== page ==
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Global Conference on Israeli Apartheid

Dimensions, Repercussions, and the Means to Combat it

Global Conference on Israeli Apartheid: Dimensions, Repercussions, and the Means to Combat it

The “1st Global Conference on Israeli Apartheid: Dimensions, Repercussions and the Means to Combat it”, was held in Istanbul, Turkey on November 29 and 30, 2019. It was organized by the Global Organization against Racial Discrimination and Segregation, in partnership with The Union of NGOs of the Islamic World (iDSB). The conference was attended by over 250 scholars, experts, jurists, activists, and civil society organizations from all around the world.

In the conference’s four plenary sessions, twenty scholars and activists presented  their views, and discussed with participants, specific dimensions and repercussions of Israeli apartheid including its impact on our understanding of the conflict and the paths to its resolution, the tools it employs against different segments of the Palestinian people, its consequences and implications for the region and the world, and optimum strategies for combating it. You can find the full schedule of the conference here.

In the first plenary session, professors Richard Falk and Virginia Tilley presented an update to the ESCWA report published in March 2017. In the ESCWA report, Professors Falk and Tilley concluded that Israel was guilty of perpetrating the international crime of apartheid, not regarding Palestinians living under occupation but all Palestinians, including those in refugee camps and those living as a minority in Israel.

The Update to the ESCWA report presented at the conference included two essays: “The Necessary Shift: From Ending the Occupation to Ending Apartheid” by Richard Falk, and “Reimagining Palestine: Implications of the ESCWA Report for a Paradigm Shift” by Virginia Tilley. The Update to the ESCWA Report concludes that a political settlement can only be achieved at this stage by a single unified Palestine with equal rights for all. “Falk’s essay explains the failures of the two-state, partition approach by reference to Zionist aspirations and obstacles posed by apartheid structures. It refrains from drawing inferences as to the proper way forward beyond its rejection of the two-state approach as superseded by facts on the ground, although it argues for a shift of focus from intergovernmental diplomacy to civil society anti-apartheid activism. Tilley’s essay reaches similar conclusions, considering how the Oslo process and its implicit aim of a two-state solution was stymied by an ideology of racial domination that inspires Israel to annex the West Bank, yet was never properly confronted by Oslo diplomacy. Her paper argues that only a unified secular state that does not privilege any ethnicity can produce a sustainable peace and that adopting such an approach is alone capable of breaking the diplomatic impasse.”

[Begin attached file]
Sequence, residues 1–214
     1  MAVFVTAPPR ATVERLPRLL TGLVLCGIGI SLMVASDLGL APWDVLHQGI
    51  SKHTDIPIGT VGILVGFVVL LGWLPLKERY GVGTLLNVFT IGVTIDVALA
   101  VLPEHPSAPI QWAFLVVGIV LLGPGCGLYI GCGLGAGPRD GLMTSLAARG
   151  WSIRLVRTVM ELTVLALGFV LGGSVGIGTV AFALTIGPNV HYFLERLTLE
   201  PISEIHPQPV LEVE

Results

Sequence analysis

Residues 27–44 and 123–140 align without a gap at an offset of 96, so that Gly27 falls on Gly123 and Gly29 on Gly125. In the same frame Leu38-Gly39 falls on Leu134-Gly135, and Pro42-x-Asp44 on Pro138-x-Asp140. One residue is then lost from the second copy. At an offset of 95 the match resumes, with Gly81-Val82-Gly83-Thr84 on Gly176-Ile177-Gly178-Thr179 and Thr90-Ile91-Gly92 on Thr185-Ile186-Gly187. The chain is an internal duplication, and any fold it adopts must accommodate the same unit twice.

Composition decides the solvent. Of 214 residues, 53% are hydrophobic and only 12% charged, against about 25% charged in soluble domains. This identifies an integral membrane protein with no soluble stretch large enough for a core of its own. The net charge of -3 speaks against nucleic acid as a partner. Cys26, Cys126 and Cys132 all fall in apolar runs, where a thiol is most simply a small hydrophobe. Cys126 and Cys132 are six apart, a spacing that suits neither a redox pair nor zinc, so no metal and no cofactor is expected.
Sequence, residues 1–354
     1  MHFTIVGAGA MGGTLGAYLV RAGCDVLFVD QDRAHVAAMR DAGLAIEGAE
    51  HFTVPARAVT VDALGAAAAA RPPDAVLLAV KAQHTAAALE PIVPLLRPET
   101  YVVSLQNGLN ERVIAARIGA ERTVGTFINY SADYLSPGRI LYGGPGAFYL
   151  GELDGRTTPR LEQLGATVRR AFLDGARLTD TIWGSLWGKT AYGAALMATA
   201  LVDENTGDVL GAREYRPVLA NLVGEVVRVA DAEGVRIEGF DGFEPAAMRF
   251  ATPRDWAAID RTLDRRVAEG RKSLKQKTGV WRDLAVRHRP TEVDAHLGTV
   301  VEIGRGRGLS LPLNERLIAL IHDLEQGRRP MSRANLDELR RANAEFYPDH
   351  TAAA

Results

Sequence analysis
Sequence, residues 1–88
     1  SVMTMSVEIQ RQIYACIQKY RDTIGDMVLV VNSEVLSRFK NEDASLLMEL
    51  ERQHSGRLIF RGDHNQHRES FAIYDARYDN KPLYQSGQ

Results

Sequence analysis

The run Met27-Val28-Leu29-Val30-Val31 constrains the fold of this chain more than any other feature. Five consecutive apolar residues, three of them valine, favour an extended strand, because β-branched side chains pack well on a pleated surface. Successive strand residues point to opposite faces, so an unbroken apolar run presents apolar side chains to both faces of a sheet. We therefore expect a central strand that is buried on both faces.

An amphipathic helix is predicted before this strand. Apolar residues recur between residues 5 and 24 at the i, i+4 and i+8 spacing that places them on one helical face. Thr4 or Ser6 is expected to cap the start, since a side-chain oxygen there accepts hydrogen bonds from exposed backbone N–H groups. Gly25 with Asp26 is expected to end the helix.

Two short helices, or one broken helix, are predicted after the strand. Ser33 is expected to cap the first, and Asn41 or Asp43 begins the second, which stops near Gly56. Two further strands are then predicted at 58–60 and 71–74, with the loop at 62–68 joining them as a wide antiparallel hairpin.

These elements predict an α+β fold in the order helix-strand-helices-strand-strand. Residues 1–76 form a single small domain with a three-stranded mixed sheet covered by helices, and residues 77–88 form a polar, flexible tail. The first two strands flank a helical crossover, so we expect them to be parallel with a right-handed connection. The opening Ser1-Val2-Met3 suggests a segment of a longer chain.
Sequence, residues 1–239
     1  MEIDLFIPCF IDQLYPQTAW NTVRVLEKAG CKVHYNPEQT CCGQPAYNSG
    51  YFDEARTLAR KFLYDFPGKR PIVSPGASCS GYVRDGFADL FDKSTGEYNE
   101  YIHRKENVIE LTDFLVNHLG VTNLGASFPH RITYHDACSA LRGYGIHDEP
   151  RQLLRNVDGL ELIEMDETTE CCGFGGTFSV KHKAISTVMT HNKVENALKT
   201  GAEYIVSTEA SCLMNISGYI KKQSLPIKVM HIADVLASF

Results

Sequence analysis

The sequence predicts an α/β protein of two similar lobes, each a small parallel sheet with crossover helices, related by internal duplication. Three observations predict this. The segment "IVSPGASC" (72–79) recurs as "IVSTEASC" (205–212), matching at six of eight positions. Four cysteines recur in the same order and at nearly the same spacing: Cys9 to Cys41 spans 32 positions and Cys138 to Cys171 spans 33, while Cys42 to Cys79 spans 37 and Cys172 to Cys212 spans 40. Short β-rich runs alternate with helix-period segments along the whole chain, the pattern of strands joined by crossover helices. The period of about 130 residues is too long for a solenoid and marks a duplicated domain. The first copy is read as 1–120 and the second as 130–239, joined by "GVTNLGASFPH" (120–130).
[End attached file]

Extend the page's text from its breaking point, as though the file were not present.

The conference opened with a public session that included speeches by Dr. Rima Khalaf the president of The Global Organization against Racial Discrimination and Segregation and the former Executive Secretary of the United Nations Economic and Social Commission for Western Asia (ESCWA), Atty. Ali Kurt Secretary General of The Union of NGOs of the Islamic World (iDSB), Adnan Tanriverdi the chief advisor of the Turkish President Recep Tayyip Erdogan and Attalla Hannah the Archbishop of Sebastia from the Greek Orthodox Patriarchate of Jerusalem.

After two days of deliberations, participants in the conference issued a final communique in which they expressed their conclusion that “dismantling the Israeli apartheid regime, as well as all forms of racial discrimination, exploitation, and segregation, is a necessary precondition for reaching a true, just and durable peace”, and their commitment to “continue to work together, and with all individuals and entities committed to justice, human rights and equality, until justice is served, and the Israeli apartheid regime is fully dismantled as a precondition to a genuine and sustainable peace.”